Spooky October Reads

Spooky October Reads

As much as I enjoyed rereading My Sister the Serial Killer last week for book club, it does mean that I’m now a book behind for reviews. I didn’t want to post a second review of the book because my feelings haven’t changed much since my first read. I could have tried hard to finish my current read in time but, I’ll be honest, I spent much of the weekend playing Animal Crossing and was too busy collecting wood and catching bugs to be reading. So, it left me without a topic for today’s bookish. As it’s October, the scariest month of the year, I thought it would be fitting to discuss some of my top scary books. Disclaimer going in, I’m not much into the horror genre, so this is probably going to end up being massively underwhelming. I thought about including some examples of traditional gothic fiction but decided against it. Partly because I’ve already covered it. Also because they might not seem as spooky to modern readers.


1.

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And Then There Were None by Agathaa Christie

If I didn’t own so many unread books, I would read this book annually. I know that Agatha Christie is known as a writer of cosy crime novels but she knows how to build suspense. I’ve read this novel more times than I can remember and it still sets me on edge. The setting and the writing all come together to create a chilling and memorable thriller.

2.

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The Haunting of Hill House by Shirley Jackson

I’ve not been brave enough to watch the Netflix adaptation of this book because I know it won’t do me any good. This book is the definition of spooky. It’s an unnerving and terrifying novel that is perfect for anyone looking for a good scare. Jackson was influential as a horror writer and this is one of her best.

3.

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Pet Sematary by Stephen King

Really, you can just insert the name of any of Stephen King’s horror novels in here because they’re all suitable for this time of year. This is a man who has become synonymous with terrifying his readers. I’m of the opinion that his latest books haven’t been anything to write home about but other people love then. My advice is to go back to his early days. That’s where you’ll find his best and spookiest tales.

4.

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Frankenstein by Mary Shelley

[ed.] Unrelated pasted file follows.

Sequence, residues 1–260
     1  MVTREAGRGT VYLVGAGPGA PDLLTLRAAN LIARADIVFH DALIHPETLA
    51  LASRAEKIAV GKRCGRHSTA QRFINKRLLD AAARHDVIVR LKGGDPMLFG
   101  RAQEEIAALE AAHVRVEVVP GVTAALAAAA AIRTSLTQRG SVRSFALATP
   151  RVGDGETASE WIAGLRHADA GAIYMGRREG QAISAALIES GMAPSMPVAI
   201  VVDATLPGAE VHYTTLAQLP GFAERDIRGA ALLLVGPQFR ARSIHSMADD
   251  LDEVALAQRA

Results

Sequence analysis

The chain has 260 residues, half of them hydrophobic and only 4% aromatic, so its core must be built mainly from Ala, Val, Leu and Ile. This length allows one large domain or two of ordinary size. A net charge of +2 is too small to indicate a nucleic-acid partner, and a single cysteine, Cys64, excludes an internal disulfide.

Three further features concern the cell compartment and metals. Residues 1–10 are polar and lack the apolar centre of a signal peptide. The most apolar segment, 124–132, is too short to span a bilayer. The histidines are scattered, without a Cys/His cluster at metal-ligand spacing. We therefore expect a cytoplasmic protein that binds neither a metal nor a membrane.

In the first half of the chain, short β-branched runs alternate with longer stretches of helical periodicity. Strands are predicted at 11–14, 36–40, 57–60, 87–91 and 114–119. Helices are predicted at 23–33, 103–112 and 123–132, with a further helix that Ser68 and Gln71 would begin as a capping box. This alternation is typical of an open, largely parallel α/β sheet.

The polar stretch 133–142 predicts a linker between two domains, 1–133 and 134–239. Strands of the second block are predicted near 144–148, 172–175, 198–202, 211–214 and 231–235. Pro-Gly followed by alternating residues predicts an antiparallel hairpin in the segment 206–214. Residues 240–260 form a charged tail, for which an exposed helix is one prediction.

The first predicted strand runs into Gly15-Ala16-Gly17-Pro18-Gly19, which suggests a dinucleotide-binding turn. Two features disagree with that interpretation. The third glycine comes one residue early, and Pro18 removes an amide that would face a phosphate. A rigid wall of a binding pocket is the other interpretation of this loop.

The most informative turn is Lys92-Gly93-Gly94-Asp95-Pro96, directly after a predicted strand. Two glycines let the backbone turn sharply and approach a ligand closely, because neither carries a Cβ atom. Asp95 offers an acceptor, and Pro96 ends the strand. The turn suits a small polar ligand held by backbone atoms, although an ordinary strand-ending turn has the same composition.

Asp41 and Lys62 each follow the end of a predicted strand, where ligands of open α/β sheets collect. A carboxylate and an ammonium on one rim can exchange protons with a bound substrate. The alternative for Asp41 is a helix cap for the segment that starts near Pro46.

Frankenstein isn’t really a horror novel when you really think about it. It mostly gets that reputation because the monster of the book has become so closely associated with Hammer horror films. Of course, there is still something gothic and grotesque about this. A mad scientist bringing a creature to life in a thunderstorm? It’s pretty atmospheric. Will it stop you sleeping at night? No. Is it worth reading? Hells yeah!

5.

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Dracula by Bram Stoker

Another absolute classic here. Part of me wanted to leave this off the list because it’s so obvious. The other part of me knew that nobody in their right mind could put together a Halloween list without it. You guys know this by now. If you’re looking for vampire fiction, you might as well start here. However, I will say, this is a kind of repetitive book and can feel like a bit of a slog in places. But, come on, it’s Dracula.

6.

The Monster We Deserve by Marcus Sedgwick

I didn’t know what to expect when I picked up this book on a whim and, almost 2 years after I read it, I still don’t know how best to describe it. It’s not a horror story in the sense that you might expect but it’s really unnerving. It uses Frankenstein as a starting point and explores the differences between reading and writing. It won’t have you jumping out of your seat but the paranoia that the narrator experiences does build quite nicely. If you’re looking for something a bit different this Halloween, then you might like this one.

7.

Mexican Gothic by Silvia Moreno-Garcia

I have to be honest, I haven’t actually read this one as it only came out this year. However, it sounds amazing. As a fan of traditional gothic fiction, I’m always a little wary of contemporary gothic novels. It feels as though the gothic tropes of the 1790s have evolved too far for my liking. However, this sounds creepy as fuck and I really want to give it a chance.

8.

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Haunted Castles by Ray Russell

This collection brings together all of Russell’s gothic horror fiction in all its glory. Why is he worth reading? Well, for one thing, Guillermo del Toro picked him to be part of the Penguin Horror series. For another, his stories are full of horrific characters that are perfect for this time of year. This collection is full of some of the greatest modern gothic tales ever written and you don’t need to take my word for it. Stephen King himself agrees.

9.

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Psycho by Robert Bloch

Even if you’ve never watched Alfred Hitchcock’s adaptation of this novel, you’ll probably be aware of the story. Mostl thanks to how it’s been parodied and referenced in pop culture. Still, most people won’t have read the book. There will be some who aren’t even aware that the film is based on a book. Hitchcock took a trashy horror novel and turned it into a cinematic legend. Why not see what started it all off?

10.

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Rosemary’s Baby by Ira Levin

Rosemary’s Baby maybe best known thanks to the film adaptation but the book has been striking fear into readers since it was published. This is one of the rare times that a film religiously follows the book, so it’s definitely full of the same creepy horror. This is a book that is full of suspense and, though it might feel like a slow burner, will definitely provide a suitably spooky atmosphere for Halloween.

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